Age of electric: Why Ontario rinks are slowly ditching their old ice resurfacers
Manufacturers say interest in electric models has shot up, but uncertainties remain
When Chris Decouto powers up the new electric Zambonis at the Invista Centre in Kingston, Ont., he's left with a good feeling.
"It's just knowing that there isn't that propane gas combustion engine operating in the facility," said Decouto, the city's arena operator. "You can't really beat zero emissions in terms of indoor air quality."
Decouto has been driving the older, louder propane- and gas-powered ice resurfacers — commonly known by the ubiquitous brand name Zamboni, though there are different manufacturers — for the past 21 years.
But last month, the City of Kingston took ownership of two new electric-powered Zamboni models, citing fuel cost reductions of up to 80 per cent and significant maintenance savings. They plan to eventually rid themselves of all their older units.
They're not alone: several other Ontario municipalities have decided it's time to start switching over, as battery-powered machines become cheaper in the long term and concerns linger about arena air quality and carbon monoxide risks.
Not new tech
While municipal interest in electric ice resurfacers might be relatively new, the technology is actually older than Wayne Gretzky.
The first battery-powered machine was showcased at the 1960 Winter Olympics by Frank Zamboni himself, said Terry Piché, technical director for the Ontario Recreational Facilities Association (ORFA).
Even so, it's only recently that there's been a "real uptick" in terms of interest by Ontario municipalities, Piché said. While an electric Zamboni still goes for about $50,000 more than a gas-powered model, Piché said not having to pay for things like gas or oil changes makes the business case more palatable — with the environmental benefits a compelling "sidebar."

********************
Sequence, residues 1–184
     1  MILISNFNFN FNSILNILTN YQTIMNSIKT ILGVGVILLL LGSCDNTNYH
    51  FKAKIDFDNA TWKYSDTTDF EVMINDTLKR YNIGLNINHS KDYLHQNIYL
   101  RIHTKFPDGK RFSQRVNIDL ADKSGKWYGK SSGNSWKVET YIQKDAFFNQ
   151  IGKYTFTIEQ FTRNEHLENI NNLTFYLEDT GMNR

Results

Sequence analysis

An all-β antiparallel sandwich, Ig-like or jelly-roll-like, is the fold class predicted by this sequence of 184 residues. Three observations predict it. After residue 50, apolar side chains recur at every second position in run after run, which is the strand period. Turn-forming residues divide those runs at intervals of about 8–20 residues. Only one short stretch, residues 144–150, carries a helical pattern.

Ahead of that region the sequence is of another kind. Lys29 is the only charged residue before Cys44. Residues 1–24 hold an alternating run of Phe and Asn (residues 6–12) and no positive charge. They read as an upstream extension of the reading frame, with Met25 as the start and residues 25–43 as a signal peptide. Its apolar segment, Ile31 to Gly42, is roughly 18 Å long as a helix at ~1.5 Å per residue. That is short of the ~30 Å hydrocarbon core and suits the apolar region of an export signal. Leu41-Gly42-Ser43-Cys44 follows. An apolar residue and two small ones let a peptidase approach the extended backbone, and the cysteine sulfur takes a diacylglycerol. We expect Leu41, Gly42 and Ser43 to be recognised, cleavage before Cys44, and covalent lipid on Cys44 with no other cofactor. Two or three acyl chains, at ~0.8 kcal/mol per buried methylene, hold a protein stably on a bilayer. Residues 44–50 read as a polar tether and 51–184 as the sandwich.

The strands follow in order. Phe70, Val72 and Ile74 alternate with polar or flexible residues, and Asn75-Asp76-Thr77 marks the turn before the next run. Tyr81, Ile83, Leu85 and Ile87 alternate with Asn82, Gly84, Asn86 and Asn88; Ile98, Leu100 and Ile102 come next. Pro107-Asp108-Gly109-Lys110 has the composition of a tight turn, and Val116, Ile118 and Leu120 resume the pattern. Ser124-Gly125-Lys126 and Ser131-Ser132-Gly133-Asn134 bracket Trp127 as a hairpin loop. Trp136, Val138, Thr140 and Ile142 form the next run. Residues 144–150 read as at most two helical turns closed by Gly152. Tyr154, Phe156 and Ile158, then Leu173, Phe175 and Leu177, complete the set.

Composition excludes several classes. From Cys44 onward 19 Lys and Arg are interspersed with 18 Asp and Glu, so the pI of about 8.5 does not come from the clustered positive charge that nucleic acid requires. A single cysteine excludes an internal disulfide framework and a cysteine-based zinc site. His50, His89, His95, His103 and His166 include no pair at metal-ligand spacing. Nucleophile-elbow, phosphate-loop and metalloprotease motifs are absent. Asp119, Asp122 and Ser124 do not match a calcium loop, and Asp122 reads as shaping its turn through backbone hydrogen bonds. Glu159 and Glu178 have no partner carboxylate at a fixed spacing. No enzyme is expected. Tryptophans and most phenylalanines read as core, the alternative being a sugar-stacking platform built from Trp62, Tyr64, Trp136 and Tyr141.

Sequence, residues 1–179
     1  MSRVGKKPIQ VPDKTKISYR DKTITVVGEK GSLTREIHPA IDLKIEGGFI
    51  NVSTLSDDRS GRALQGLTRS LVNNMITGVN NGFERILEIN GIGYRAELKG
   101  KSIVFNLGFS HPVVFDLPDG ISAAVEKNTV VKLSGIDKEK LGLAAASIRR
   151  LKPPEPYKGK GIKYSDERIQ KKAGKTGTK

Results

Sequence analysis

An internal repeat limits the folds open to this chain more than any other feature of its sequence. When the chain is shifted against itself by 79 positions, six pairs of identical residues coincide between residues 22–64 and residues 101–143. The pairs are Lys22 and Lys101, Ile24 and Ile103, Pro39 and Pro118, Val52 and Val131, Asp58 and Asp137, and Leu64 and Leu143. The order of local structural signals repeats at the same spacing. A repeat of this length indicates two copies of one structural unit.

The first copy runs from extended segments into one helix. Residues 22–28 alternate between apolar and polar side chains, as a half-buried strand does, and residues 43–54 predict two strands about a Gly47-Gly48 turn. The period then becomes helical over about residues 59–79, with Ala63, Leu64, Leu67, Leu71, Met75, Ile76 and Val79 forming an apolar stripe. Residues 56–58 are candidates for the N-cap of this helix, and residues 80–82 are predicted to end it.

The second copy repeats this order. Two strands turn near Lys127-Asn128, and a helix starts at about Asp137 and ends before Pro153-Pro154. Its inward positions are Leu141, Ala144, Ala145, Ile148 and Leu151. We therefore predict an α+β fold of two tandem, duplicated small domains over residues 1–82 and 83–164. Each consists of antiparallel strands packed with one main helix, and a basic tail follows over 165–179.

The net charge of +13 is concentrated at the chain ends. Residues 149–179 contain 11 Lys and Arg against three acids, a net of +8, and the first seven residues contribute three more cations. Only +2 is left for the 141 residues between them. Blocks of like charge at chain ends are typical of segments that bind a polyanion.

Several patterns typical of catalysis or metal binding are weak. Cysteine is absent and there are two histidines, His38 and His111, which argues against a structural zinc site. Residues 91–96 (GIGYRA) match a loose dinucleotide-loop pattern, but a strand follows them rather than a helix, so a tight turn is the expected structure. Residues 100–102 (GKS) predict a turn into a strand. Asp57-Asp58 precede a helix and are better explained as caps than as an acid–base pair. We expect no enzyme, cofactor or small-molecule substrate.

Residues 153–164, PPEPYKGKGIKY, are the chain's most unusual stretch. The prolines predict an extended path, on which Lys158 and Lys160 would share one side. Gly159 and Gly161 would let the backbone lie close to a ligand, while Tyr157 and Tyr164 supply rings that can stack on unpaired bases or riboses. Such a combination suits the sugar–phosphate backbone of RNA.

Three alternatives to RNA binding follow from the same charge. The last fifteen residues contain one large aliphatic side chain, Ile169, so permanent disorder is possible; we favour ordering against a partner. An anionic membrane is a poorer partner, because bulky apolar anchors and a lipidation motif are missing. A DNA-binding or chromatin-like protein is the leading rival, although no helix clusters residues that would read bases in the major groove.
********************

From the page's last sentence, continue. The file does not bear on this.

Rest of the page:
"If you went back 10 years ago, maybe five per cent of [manufacturer] sales would be looking at battery technology," he said.
"They're telling me, in the last three or four years, that's grown to 40 to 50 per cent of the [purchases municipalities are making] across the province."
Several communities switching
That includes London, Ont., which unveiled its first electric Zamboni in August and wants to convert its entire fleet over the next four years.
Mississauga has similar plans, with eight electric machines now maintaining city rinks.
Electric models are also humming along in cities like Oakville and Burlington, according to data from ORFA, as well as in smaller communities such as Caledon, Collingwood and Orillia.
Toronto, however, is still powering its entire 95-unit fleet with a mix of propane and natural gas, a city spokesperson told CBC. In Ottawa, four of the 51 permanent ice resurfacers are battery-powered, but they're "aging and not performing well," said Coun. Mathieu Fleury, the city's sport commissioner.
Two different electric models are also being leased under a pilot project in Ottawa — one that started this fall and will run until 2022 — but Fleury said that's not enough.
"I don't understand why, as a city, we're not more aligned with those goals. Ultimately, we have to be, by our climate change action plan," he said.
"In this year's budget ... there's a proposal to buy seven new units. And I will work to stop that purchase unless they're electric."
Despite the positives with electric ice resurfacers — they're also quieter, a nice benefit for earplug-reliant operators — there are still a few uncertainties.
For starters, it's not clear what would happen if one were to catch fire inside an enclosed arena, Piché said. Firefighters, he noted, have had challenges dealing with similar situations involving electric vehicles on the road.
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"Hopefully it never happens. But these things ... do happen, for whatever reasons," Piché said. "As equipment ages, it's going to be more of a risk."
There's also what Piché calls the "dark side people whisper about." While battery-powered ice resurfacers don't generate emissions when they're in operation, more research is needed into the environmental impact of producing and disposing of the batteries themselves, he said.
For Fleury, improving air quality and reducing the carbon footprint outweigh any potential risks. As for Decouto, he's just happy the electric machines operate largely like the old ones.
"I wasn't sure what to expect, to be honest," he said. "I was delighted to find out that it was very similar."